When Fiat and Chrysler merged to create Fiat Chrysler, it looked as though the company would use Fiat's small-car know-how to create a leaner, more efficient lineup better suited for the post-recession era.
But that's not exactly how it went. It turns out that, when gas stays cheap, Americans trend toward bigger and bigger vehicles. The Fiat brand has struggled, recently canceling its iconic 500 hatchback, while Chrysler's legacy Ram and Jeep truck lines become even more important profit centers for the company.
So with trucks selling at unbelievable rates and the Jeep Wrangler enjoying a sales boom, it's not shocking to see the return of the Jeep pickup truck. Dubbed the Gladiator, Jeep's Wrangler pickup is extremely cool, smartly designed and incredibly capable. It feels more modern and well-executed than anything else in the segment, but the best midsize truck is also the most expensive one.
Midsize trucks were one of the segments that suffered the most in the financial crisis. While full-size workhorse trucks like the Ford F-150 were too big to fail, sales of the Ford Ranger and Chevy Colorado crashed hard during the recession and never fully recovered before the models were canceled. Now, the Ranger and Colorado are back, but they're older designs than the all-new Gladiator.
That's evident as soon as you sit in a Gladiator. Even without all of the options, the materials, quality and design of the Gladiator feel a step and a half ahead of Ford or Chevy. And compared to older trucks like the Toyota Tacoma and Nissan Frontier, the Gladiator is practically a Bentley.
It also benefits from being Jeep's only truck. Sure, Ford will sell you a Ranger, but the blue oval reserves its top-tier tech and interior trimmings for its more lucrative, full-size F-150. Jeep will let you go nuts with options, so prices deep into the $50,000-range are easy to encounter. Our decently equipped Gladiator Overland tester, for instance, was $53,045.
To justify that price, our tester had adaptive cruise control, a removable hardtop, blind-spot monitoring, an Alpine premium sound system and an 8.4-inch touch screen with Fiat Chrysler's fantastic Uconnect infotainment software.
On-road performance is also impressive. It handles corners well, with more direct and predictable steering than Jeeps of years past. The ride is significantly better than the Wrangler as well, likely due to the increased wheelbase of the truck. It's also pretty quiet, though a fixed-top pickup from Ford or Chevy will probably still be more hushed on the freeway.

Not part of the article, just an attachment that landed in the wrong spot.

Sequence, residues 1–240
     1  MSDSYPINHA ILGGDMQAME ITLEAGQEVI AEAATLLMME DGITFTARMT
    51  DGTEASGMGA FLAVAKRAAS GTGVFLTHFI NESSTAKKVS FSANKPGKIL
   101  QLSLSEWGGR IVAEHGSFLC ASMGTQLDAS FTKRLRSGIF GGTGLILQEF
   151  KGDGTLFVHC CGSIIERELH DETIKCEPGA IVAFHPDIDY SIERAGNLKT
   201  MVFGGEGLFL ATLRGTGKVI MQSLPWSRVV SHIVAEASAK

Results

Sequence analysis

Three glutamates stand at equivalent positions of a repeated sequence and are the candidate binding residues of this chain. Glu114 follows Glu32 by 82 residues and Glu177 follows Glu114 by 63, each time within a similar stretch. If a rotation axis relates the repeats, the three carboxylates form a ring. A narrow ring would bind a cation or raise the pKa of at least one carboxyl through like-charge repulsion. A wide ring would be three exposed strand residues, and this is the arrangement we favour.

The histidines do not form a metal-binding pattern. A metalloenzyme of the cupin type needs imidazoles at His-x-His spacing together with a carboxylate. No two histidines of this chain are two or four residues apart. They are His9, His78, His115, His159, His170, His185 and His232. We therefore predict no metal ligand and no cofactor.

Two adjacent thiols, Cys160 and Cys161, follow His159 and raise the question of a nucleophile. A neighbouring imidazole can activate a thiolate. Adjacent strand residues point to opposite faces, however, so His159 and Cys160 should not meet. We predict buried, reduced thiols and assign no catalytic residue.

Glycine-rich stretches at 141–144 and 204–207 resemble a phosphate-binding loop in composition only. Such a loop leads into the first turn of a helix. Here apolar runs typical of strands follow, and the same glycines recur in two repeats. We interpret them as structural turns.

Jeep also offers some class-leading capabilities. Properly equipped, the Gladiator will tow 7,650 pounds and haul 1,700 pounds in its bed. That bests any other crew-cab 4x4 midsize truck, though we should note that a diesel Chevy Colorado will best Jeep's towing figure if you opt for the smaller cab and two-wheel drive.
It's also a Jeep, which means you can expect serious off-road capabilities. Opt for the Rubicon model and you'll get disconnecting sway bars, differential lockers and protective rock rails to help handle sticky situations.
Most importantly, the Gladiator is a truck-ified Wrangler. That means you can take the doors off, drop the top and cruise around in what is — to most people — one of the coolest vehicles in the world.
Parked next to a $171,000 Acura we also had on test that week, most people passing by my house looked straight past the supercar and said, "oh cool, the Jeep truck!" or commented on its lack of doors. In the world of cool cars available for around $50,000, this is up there with the Tesla Model 3 and Ford Mustang Bullitt.
Everyone may think it's cool, but they'll also be shocked when you tell them that you laid out $50,000 for a Jeep. Fully equipped, your midsize truck can top $60,000. That's a ton of money for the segment.
A lot of that outlay will hopefully come back on the other end of the ownership period, as Jeeps enjoy tremendously high resale values. Still, it's far from the budget option.
Our $53,045 Overland tester, for instance, still had manually adjustable cloth seats. The last Ford Ranger we tested was $40,685 and had leather seats with power adjustment, though it was a smaller SuperCab model. We thought the Ranger was expensive, but Jeep's clearly taken it further. You're paying more for capability and style than for equipment.
And as with most trucks in this segment, you're not going to get the refinement of a unibody crossover like Ford Explorer or Honda CR-V. The Gladiator is a truck and still mostly feels like one, with some business in the ride on the freeway and a suspension that leans into corners more than you might expect.
If you're looking to get the most equipment or refinement for your dollar, the Jeep Gladiator isn't the vehicle for you. You'd be better served by the unibody Honda Ridgeline or by not getting a truck at all.
But if you're willing to pay up for the coolest, most fun midsize truck, you can't beat the Jeep. Everyone wanted to ride in it. Pictures were taken. Thumbs up were given. It made people smile. More than the Ford Raptor, more than any Ram, more than any other truck we've tested, the Jeep got attention and affection everywhere we took it.
Sure, they were surprised when they heard how much it costs. Most people scoffed. But without fail, everyone who rode in it had the same reaction. Price no longer mattered. Everyone wanted one.
Driving Experience: 3
Price as tested: $53,045
*Ratings out of 5.
CORRECTION: This article was updated to correct the price of the test Gladiator.